“We’re actually really lucky in the fact that Paloma Starr, La Sriarcha Muchacha, is a well-known independent wrestler in Chicago,” Ramirez beamed. “So she auditioned, and she is a very successful and incredible wrestler; I can’t believe she hasn’t been signed by GLOW or Impact, but that’s her, and then, I don’t know how we found this unicorn. Joey Ibanez is a classically trained Shakespearean actor. You literally look at his resume, and dude was trained in England, has done national tours, has done global tours of specific Shakespeare works, and he just so happens to be a trained professional wrestler.”

“Romeo and Juliet is basically a wrestling setup,” added Colangelo. “Let’s let’s be honest, right? Tybalt and Mercutio? They spend the whole time building heat between them, and then they get them in the room together to fight, and then Shakespeare is like, ‘Okay, here’s this badass match. Oops, it’s ended early. F-ck you guys!'”

LUCHA TEOTL production photo
Photo Credit: Goodman Theater

Ramirez also noted to me that AEW star Nyla Rose was at one point in discussions to audition for the role of Coyol, played by Starr, but due to her schedule, was unable to commit. He also went out of his way to praise Amanda Huber, Brodie Lee’s widow and current backstage AEW producer, for being so supportive of the project and helping to get the word out.

While the show is filled with emotional exchanges, montages, and other more traditional theatrical elements, it does deliver in-ring action, as well. As Ramirez noted, some of the actors already had pro wrestling experience, while others were having to pick it up for the first time. Regardless, this show runs eight times a week, and anyone taking bumps on a regular basis like that will tell you it can take a toll. To help ensure the safety of the talent, veteran pro wrestler and actor Aski The Mayan Warrior was hired to work with the performers on a night-to-night basis. On any given evening, you may see a slightly different show as moves are changed to accommodate how the performers are physically feeling.

The production uses every inch of The Owen Theater space they are given to present the show. While the spectacle is rooted in Aztec mythology and Lucha Libre heritage, the wrestling itself is done in a more Von Erichs or Memphis style, which is more popular in the United States. Because of this, the audience is treated to wild brawls taking place through the crowd, with some spilling over into the backstage Goodman hallways where actors not involved with the show prepare for plays written by Mamet and Pinter.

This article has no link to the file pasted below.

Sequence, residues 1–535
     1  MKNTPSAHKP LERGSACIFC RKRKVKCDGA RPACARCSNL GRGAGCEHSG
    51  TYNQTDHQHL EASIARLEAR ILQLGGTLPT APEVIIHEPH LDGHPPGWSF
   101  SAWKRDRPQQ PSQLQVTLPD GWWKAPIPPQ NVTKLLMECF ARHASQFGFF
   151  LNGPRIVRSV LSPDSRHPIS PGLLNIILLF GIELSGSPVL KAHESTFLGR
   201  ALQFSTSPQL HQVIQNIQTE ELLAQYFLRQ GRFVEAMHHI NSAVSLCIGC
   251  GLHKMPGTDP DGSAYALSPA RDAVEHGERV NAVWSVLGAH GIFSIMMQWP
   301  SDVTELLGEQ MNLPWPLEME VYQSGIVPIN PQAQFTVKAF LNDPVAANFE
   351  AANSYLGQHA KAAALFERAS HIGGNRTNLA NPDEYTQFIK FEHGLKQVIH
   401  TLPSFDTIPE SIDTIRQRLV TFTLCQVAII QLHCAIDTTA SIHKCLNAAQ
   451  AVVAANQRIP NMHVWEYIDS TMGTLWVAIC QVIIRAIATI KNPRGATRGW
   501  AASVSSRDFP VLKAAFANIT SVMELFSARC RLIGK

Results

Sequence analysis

The audience is able to follow the action throughout the space and outside of it due to the clever use of live streaming. Much like a high-end pro wrestling event, atop the Aztec temple sits a big projection screen, and around the ring stand two camera operators throughout. What the camera operators catch through their lenses is cast up onto the screen, giving fans the sensation of being at a real, live, pro wrestling TV taping. The screen also flashes to backstage fights and promos for various characters.

LUCHA TEOTL production photo
Photo Credit: Goodman Theater

I’ve tried very hard not to give away major plot details for the show because I really feel it is something pro wrestling fans should see and experience for themselves. I will say this, however: the final two minutes of the show had me on the literal edge of my seat, with my jaw on the ground. It is a powerful experience that unifies the attention of everyone in attendance, regardless of their familiarity with pro wrestling.

“I want our wrestling community to also come into that space and challenge themselves and allow themselves to be introduced to another form of art,” Ramirez asserted. “Yes, there are times to boo and cheer, and also there’s times to sit and listen. And that is the beauty of LUCAH TEOTL and why it is the first of its kind because it allows you to be in the moment and allow yourself to consume art the way it is being presented.”

Tickets for LUCHA TEOTL can be purchased by clicking HERE

Haus of Wrestling has partnered with Inside The Ropes to present An Afternoon With Kevin Nash And Sean Waltman on November 25 at Joe’s Live in Rosemont, IL, ten minutes from the All-State Arena. Tickets are now available at